Partial Derivative of an Integral

If $f(t)$ is a deterministic function of $t$ and $B_{n}$ is a brownian motion and:

$Z =\int^t_0 f(s)dB(s)$

How does one take the partial derivatives wrt to $t$ and $B_n$ on an integral like this?

I know $dZ = f(t)dB(t)$

Is this just?...

$\frac{\partial z}{\partial t} = f(t)$

and

$\frac{\partial z}{\partial B} = f(t)dB(t)$

Looking to apply the Ito formula on a bigger problem but stuck on this. Thanks.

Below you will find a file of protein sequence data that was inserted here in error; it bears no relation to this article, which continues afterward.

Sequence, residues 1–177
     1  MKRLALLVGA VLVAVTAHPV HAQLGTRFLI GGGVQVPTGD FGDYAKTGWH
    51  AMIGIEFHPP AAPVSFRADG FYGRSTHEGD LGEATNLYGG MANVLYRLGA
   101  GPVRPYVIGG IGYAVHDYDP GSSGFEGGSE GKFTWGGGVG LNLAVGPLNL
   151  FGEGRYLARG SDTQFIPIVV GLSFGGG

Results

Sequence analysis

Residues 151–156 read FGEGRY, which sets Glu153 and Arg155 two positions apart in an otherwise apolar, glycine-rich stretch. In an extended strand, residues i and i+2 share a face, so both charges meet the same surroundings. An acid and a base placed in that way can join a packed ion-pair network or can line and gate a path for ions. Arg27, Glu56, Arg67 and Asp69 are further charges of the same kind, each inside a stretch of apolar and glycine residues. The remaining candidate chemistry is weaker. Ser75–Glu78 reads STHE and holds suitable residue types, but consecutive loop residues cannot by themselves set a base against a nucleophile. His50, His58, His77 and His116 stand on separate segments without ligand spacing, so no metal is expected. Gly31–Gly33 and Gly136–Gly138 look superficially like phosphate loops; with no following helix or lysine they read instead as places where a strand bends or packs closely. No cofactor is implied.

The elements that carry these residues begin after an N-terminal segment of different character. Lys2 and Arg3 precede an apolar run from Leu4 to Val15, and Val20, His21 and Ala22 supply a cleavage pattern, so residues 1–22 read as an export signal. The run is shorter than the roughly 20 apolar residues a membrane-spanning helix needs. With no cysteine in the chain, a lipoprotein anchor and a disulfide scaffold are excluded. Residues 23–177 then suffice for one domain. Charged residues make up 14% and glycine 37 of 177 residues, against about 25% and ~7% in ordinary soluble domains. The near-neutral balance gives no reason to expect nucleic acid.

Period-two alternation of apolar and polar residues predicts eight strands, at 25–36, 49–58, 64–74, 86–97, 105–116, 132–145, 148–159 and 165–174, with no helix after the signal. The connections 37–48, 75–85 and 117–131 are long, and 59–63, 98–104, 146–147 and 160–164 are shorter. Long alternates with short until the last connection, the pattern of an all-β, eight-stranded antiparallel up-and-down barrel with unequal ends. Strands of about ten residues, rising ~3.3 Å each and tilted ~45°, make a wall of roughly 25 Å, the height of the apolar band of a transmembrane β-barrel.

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You're right I think. I was trying to work out a characteristic function for this and if you set dt to zero it computes. Thanks. FYI ${\partial z \over \partial B} = f(t)$ I believe... – Dirk Calloway Nov 27 '12 at 12:32
Do you know if/why my answer is incorrect (if yours is correct)? I know that it's false to say that "you can't write partial derivatives w.r.t. BM". For example apply Ito's lemma to the function $f(t,x)$, where $x$ is $B(t)$ (in fact this is one of the most standard routines in stochastic finance). Applying Ito's lemma you will end up having to evaluate $\frac{\partial f}{\partial x}(t,x)$. – Jase Dec 4 '12 at 7:27